Investment in Scotland’s communities is changing. Millions of pounds of funding, previously the European Structural and Investment Funds (ESIF) administered through the Scottish Government, is now managed by the UK Government under its levelling up agenda. This includes the Levelling Up Fund and the Shared Prosperity Fund.
Baffled by all these new initiatives? We certainly are so we partnered with the Scottish Islands Federation to create a handy, one-page fund guide describing how they are being delivered.
We also had questions about how well these funds align with local economic development priorities in rural and island Scotland; how local authorities are dealing with the logistics of administering the fund processes and how community organisations and micro or social enterprises might benefit from them.
Our in-depth report draws on interviews with seventeen stakeholders across nine rural and island local authorities from the Scottish Borders to Shetland. The following points are highlighted:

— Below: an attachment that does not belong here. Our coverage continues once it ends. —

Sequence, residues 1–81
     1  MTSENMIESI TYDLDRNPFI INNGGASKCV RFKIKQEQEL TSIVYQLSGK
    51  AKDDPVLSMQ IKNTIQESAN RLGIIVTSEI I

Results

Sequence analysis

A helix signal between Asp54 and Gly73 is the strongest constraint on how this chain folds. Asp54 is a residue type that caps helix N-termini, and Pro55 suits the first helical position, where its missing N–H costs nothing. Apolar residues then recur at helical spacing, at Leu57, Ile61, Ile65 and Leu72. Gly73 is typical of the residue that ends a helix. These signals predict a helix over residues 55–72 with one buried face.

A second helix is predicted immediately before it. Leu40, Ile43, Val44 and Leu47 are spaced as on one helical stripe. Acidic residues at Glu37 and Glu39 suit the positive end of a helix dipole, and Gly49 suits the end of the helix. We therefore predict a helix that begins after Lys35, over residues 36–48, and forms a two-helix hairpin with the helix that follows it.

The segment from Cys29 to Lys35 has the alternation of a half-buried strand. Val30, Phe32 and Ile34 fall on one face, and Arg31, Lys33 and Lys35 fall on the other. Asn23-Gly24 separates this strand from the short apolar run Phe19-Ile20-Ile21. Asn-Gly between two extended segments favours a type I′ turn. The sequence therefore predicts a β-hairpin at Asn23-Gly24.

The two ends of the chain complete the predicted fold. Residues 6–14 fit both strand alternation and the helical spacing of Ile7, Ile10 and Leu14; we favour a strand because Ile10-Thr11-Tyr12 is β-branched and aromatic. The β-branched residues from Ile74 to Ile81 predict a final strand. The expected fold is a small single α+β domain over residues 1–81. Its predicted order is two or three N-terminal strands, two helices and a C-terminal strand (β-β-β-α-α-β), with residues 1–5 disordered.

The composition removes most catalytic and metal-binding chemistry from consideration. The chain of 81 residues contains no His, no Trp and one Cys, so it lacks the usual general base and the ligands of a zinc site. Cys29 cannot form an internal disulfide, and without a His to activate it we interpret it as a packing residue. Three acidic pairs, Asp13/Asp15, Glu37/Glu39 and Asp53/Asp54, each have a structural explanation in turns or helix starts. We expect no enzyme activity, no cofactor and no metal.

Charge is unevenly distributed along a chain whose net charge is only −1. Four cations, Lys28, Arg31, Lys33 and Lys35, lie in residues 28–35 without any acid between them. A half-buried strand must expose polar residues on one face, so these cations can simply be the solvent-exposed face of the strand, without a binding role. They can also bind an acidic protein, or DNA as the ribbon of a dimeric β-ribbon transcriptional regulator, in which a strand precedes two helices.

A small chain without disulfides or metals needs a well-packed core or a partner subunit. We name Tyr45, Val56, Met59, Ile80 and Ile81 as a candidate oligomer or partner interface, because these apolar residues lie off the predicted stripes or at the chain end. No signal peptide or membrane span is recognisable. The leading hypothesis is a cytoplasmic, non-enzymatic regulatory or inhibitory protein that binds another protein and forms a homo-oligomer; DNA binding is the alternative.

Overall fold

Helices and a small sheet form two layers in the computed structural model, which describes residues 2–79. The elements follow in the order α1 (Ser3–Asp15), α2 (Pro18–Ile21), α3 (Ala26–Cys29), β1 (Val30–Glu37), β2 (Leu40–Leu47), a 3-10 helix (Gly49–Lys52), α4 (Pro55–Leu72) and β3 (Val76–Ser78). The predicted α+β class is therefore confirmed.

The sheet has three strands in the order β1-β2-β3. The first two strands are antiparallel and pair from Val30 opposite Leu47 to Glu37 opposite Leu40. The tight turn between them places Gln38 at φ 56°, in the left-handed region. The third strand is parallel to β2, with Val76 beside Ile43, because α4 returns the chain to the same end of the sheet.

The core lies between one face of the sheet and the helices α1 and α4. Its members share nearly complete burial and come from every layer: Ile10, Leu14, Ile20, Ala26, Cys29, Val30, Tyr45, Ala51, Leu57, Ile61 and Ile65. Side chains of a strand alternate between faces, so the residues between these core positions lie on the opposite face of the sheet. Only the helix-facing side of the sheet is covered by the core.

- UK Government metrics used to prioritise areas for investment or set investment amounts appear to disadvantage Scotland’s rural and island areas.
- Smaller local authorities require high levels of resourcing to engage with the levelling up agenda.
- While the Levelling Up Fund was perceived to give positive momentum to large-scale capital projects, key drivers of wealth in rural and island places are micro entities - community and third sector organisations and micro/social enterprises. There is limited recognition of the importance of community animation and of capacity building for micro enterprises to enable them access levelling up opportunities.
- Decision-making on grant awards has been described as 'opaque'.
- There is no clear alignment between the UK Government levelling up funds and the range of Scottish Government and local authority fund programmes intended to support community development.
The report evidences a need for wider discussion on the levelling up funds in a Scottish context, in particular the Shared Prosperity Fund. It is critical we ensure that local authorities and other stakeholders such as Third Sector Interfaces, Community-Led Local Development partnerships and second-tier organisations, are resourced to enable significant investment reach grassroots communities and enterprises in the form that most benefits them - i.e. as small and micro grants coupled to appropriate animation and capacity building support.